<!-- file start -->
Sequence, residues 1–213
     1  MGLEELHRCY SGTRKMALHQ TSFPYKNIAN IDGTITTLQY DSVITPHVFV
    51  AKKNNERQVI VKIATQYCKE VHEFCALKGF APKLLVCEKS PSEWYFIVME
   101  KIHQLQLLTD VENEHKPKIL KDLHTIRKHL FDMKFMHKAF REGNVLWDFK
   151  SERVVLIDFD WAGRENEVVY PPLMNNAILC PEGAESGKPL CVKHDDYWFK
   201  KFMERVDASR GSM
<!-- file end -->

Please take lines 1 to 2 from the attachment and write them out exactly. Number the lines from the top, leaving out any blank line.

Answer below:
Sequence, residues 1–213
     1  MGLEELHRCY SGTRKMALHQ TSFPYKNIAN IDGTITTLQY DSVITPHVFV